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Clin Sci (Lond). 1996 Dec;91(6):639-50.

Integrins and disease.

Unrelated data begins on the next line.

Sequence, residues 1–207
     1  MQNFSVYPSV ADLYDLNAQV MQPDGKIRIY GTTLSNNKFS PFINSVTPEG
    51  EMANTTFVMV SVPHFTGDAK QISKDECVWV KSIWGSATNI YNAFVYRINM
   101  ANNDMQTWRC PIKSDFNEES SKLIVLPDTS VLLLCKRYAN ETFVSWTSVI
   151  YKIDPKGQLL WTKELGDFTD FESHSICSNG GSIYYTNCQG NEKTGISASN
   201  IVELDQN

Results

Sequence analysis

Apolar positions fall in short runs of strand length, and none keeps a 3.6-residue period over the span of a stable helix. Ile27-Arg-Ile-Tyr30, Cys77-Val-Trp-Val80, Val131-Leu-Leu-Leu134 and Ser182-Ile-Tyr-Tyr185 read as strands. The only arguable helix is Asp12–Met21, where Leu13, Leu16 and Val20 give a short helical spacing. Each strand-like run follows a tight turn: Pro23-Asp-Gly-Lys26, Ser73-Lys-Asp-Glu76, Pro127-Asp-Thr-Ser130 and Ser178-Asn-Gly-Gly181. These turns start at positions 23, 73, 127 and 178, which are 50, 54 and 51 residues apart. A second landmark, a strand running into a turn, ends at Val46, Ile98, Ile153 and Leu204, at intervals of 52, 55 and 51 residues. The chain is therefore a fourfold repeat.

1. Adhesion is a vital property of cells. It provides a stable environment for cell growth and differentiation and allows cells to migrate. 2. The interaction between cells and their extracellular matrices is also an important factor in the regulation of further protein deposition. Likewise, matrix proteins can influence cellular function thus creating a complex feedback mechanism. 3. The adherence of cells to each other, their extracellular matrices and endothelial surfaces is mediated by a variety of membrane proteins collectively known as adhesion molecules. 4. Adhesion molecules can be further divided into four subfamilies: the integrins, the selectins, the cadherins and the immunoglobulin superfamily. This article will review our current knowledge of the integrin family of adhesion receptors, focusing principally on their role in the pathogenesis of human disease.

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